5 Startling Things About McDonald's Corporation

Everybody knows McDonald's, but even the most ardent fan will find some surprises behind the Golden Arches. Here are five McDonald's facts you probably didn't know.

May 19, 2014 at 2:00PM

Everybody knows the basics about McDonald's (NYSE:MCD). The fast-food giant sports a $101 billion market cap and $28 billion in annual sales. The company has been a Dow Jones (DJINDICES:^DJI) component since 1985. The stock has absolutely trounced its Dow peers since joining the index. The painted face of corporate mascot Ronald McDonald has either comforted or terrified billions of children across the globe, being one of the most recognizable characters in the history of everything.

MCD Chart

MCD data by YCharts

That being said, some Mickey D facts are not so well known. Here's a handful of the most striking, surprising, or even shocking McDonald's morsels you probably never consumed before.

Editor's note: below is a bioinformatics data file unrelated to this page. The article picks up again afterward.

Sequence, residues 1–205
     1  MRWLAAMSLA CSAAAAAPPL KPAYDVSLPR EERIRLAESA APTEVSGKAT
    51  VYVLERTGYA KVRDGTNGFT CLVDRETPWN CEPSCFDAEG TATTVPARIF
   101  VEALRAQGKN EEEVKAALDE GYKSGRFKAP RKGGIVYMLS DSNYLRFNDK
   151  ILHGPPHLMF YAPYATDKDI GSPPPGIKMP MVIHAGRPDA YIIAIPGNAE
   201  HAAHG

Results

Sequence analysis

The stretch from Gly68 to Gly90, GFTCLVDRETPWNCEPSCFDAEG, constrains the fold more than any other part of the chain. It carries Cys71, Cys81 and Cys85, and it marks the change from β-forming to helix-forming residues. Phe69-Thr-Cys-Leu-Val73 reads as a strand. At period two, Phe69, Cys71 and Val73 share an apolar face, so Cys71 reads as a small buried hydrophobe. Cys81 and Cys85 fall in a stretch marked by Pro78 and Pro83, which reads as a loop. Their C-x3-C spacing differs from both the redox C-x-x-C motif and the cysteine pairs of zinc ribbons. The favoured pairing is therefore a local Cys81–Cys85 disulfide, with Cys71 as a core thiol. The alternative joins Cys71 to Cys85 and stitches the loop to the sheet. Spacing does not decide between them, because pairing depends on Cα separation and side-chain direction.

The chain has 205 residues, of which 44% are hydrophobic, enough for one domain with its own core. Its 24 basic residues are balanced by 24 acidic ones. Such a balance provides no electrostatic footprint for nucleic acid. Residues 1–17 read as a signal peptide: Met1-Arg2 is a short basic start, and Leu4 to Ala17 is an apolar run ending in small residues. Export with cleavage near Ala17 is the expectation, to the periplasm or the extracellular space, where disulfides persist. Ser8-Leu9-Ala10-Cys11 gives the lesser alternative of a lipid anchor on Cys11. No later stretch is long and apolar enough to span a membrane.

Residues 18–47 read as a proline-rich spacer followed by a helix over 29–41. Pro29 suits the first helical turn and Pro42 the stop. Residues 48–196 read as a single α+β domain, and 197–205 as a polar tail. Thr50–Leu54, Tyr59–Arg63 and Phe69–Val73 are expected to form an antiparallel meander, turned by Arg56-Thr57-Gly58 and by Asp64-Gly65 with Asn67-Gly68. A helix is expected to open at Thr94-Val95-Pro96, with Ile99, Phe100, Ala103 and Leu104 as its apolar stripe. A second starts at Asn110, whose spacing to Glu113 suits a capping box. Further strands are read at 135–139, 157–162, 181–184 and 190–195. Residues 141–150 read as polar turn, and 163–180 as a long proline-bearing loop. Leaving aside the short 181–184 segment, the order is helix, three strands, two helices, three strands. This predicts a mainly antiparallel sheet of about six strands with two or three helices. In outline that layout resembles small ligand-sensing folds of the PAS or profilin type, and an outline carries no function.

• McDonalds is beyond huge, with 35,000 locations in over 100 countries. It's nearly twice the size of Starbucks (NASDAQ:SBUX), and collects more than three times the coffee chain's annual revenue. The company is as ubiquitous as oxygen and running water. But here's the potential shocker: McDonald's is not the undisputed king of fast food. That honor goes to privately held Subway, which sports 41,300 global sandwich shops. And the gap is only growing: Subway added 2,700 new locations in 2013, compared to McDonald's 949 new restaurants. For those keeping score at home, Starbucks expanded by 1,701 locations.

  • You may have heard rumors of McDonald's using icky not-quite-meat ingredients in its burgers and McNuggets. These claims pop up once in a while and are, for the most part, outright hoaxes. The company promises that its nuggets are made from perfectly normal white-meat chicken breast; alternative protein sources may be the future, but worm meat is still more expensive than high-volume orders of USDA-inspected beef. The exception? McDonald's did use ammonia-treated beef filler, popularly known as "pink slime," until 2011.

  • In 1996, a widely quoted study said that more than 12% of all Americans had, at some point, worked at McDonald's. That figure has surely increased over the last 18 years: Annual employee turnover is above 100% system-wide (including workers in franchisee locations), and the global workforce has also more than tripled since 1996.

  • Mcd